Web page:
Last week Baptists from some of the poorest countries in the world met with those from some of the richest to celebrate their unity and affirm their common cause and identity at the Baptist World Alliance Centenary Congress in Birmingham, England.
Earlier, the Make Poverty History campaign staged a demonstration that was in many ways the focus of the campaign: A march of almost a quarter of a million people through the streets of Edinburgh, asking the G8 nations for fair trade, more and better aid and debt cancellation.
Unlike in some western nations, the campaign was embraced by Baptist churches and organisations in the UK. An observer might be forgiven for thinking that the British attitude to the Make Poverty History campaign is just a manifestation of a generally more politically liberal country than, for instance, the United States. Do British Baptists only support such campaigns because it is seen as the thing to do?
Few would deny that compared to their American cousins, British evangelicals seem less likely to be the stalwart supporters of conservative politics on every issue. British evangelicals generally stand with their American counterparts on the issue of abortion, for instance, or on the importance of a personal relationship with Jesus in questions of salvation.
But recently, a Southern Baptist said: “the ONE Campaign is not just misguided, it is actually harmful.”
Certainly that view is not only held by Southern Baptists either. So why are so many British Baptists behind the aims of the campaign known in the UK as Make Poverty History?
David Coffey, general secretary of the Baptist Union of Great Britain and incoming President of the BWA, identifies his reasons for supporting the campaign on solid Baptist foundation in Scripture: “I can’t read my Bible and read the prophets and not see this tremendous emphasis there is on how it’s no good leaving worship in the temple and then coming out and living as if life can go on as it is. What I do in the temple of my day somehow has to be translated into deeds and that’s how I show my faith. That’s the great passage of James. A compassionate and caring community bears the marks of Jesus Christ, so whatever other motivations people have for Make Poverty History (and I’m sure that not all would have that Christian motivation) that’s my Christian motivation.”
Roy Searle, president of the Baptist Union of Great Britain, supports the campaign because: “Christians should be at the prophetic forefront of addressing issues of justice, mercy and compassion, speaking as a voice for the voiceless.”
He is echoed by Liz Russell, BMS World Mission regional secretary for Asia and former missionary to China, who understands why there might be some concerns: “I would say supporting any kind of campaign is likely to make Christians nervous. We don’t want to compromise what we see as the crux of the gospel. But if we want to see the love of Jesus shown in practical ways, by joining this campaign we can do something as part of a big, global community of people. If we think there’s something that doesn’t have the scent of the gospel in it then let’s challenge that part of the campaign. Look at what the campaign is doing, take it seriously, and then when you are convinced that the campaign holds within itself kingdom values, get alongside others.”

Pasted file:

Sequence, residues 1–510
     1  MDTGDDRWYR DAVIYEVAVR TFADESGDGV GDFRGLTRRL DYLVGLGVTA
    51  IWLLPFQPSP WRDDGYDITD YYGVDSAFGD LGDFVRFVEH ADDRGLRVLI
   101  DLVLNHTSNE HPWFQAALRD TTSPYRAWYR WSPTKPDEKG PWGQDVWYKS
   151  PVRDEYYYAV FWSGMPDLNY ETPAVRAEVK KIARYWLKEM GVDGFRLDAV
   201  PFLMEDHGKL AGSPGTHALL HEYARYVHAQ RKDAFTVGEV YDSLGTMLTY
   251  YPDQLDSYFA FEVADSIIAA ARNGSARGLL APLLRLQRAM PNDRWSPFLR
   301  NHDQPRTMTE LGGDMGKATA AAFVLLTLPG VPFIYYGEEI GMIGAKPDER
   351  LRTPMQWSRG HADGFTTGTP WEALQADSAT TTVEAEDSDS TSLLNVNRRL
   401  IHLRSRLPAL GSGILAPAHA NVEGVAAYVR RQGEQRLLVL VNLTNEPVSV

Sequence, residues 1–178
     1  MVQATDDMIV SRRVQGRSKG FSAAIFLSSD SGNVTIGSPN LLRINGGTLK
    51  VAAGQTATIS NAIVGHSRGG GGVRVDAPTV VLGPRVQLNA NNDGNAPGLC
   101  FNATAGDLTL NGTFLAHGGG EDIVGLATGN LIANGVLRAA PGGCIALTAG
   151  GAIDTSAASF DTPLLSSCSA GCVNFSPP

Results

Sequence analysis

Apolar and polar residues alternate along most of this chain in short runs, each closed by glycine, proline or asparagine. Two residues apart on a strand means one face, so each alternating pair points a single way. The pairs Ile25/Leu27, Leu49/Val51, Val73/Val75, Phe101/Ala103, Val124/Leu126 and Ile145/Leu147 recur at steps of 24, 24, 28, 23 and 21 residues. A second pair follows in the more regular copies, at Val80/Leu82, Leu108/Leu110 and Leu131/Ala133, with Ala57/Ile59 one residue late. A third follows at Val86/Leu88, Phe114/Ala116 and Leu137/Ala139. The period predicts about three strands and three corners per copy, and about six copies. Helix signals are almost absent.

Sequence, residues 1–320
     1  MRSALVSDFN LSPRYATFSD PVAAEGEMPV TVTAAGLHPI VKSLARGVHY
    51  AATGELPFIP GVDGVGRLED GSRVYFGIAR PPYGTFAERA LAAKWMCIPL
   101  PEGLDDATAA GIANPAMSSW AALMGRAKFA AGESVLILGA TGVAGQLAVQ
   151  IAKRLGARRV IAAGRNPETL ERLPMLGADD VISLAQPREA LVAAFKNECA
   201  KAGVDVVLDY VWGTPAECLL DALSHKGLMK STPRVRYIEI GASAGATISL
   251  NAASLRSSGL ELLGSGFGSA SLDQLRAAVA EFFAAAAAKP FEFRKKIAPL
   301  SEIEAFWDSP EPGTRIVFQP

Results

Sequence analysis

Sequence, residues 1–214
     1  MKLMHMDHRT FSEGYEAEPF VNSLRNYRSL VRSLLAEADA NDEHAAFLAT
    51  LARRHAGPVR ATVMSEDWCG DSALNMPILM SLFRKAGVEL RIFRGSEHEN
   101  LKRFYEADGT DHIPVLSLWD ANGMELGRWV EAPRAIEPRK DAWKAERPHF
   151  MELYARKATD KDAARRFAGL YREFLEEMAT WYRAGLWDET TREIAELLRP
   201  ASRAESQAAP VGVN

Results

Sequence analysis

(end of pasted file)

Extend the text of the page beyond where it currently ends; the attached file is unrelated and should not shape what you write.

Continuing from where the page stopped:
BMS General Director Alistair Brown makes the point, however, for more urgent support: “The price of more analysis and more time to think about it is not paid by us, but by those who are dying now. They can’t wait until we’ve got every question answered and every bit of analysis done. This is the moment.”
But the issue of acting responsibly is one that concerns many critics of Make Poverty History too. There seems to be a perception–and indeed, the argument is made in one form or another in many forums–that aid, particularly to Africa, is more often than not wasted through corruption.
Some suggest that the prevalence of corruption means debt relief or aid will help no ordinary Africans.
“Say that to 500,000 kids in Mozambique who have now received inoculations,” David Coffey says. “Say that to the approximately 30,000 new teachers in Tanzania. Say that to the children in places like Uganda who are now receiving primary education.”
David Kerrigan, BMS director for mission, cites more examples of where debt relief and aid have worked.
“We mustn’t think of all aid as being from government to government,” he says. “The best aid is actually being applied at grassroots and is actually working from the bottom up. Today, many western governments are being encouraged to allow a significant proportion of their aid to be channelled by NGOs. And it’s at the NGO level that we are seeing some amazing results from good delivery of quality aid. Not doing things for African people, but doing things with African people.”
For example, BMS has been involved in micro-enterprise, raising pigs and chickens–giving small-scale farmers a small amount of investment to get work started. Within months the project no longer needs aid, because it’s been directly applied into a sustainable project. Another example of sustainability of course, is to invest in education for people.”
Kerrigan identifies this sustainable, empowering approach as essential: “There are occasions, even in Africa today, where food aid is needed, but this is pure sticking-plaster stuff. The real answer is to give people the opportunity to work their own way out of their poverty. But as they do that, sooner or later they will hit the issue of fair trade.”
Jonathan Langley writes for BMS World Mission in Didcot, England.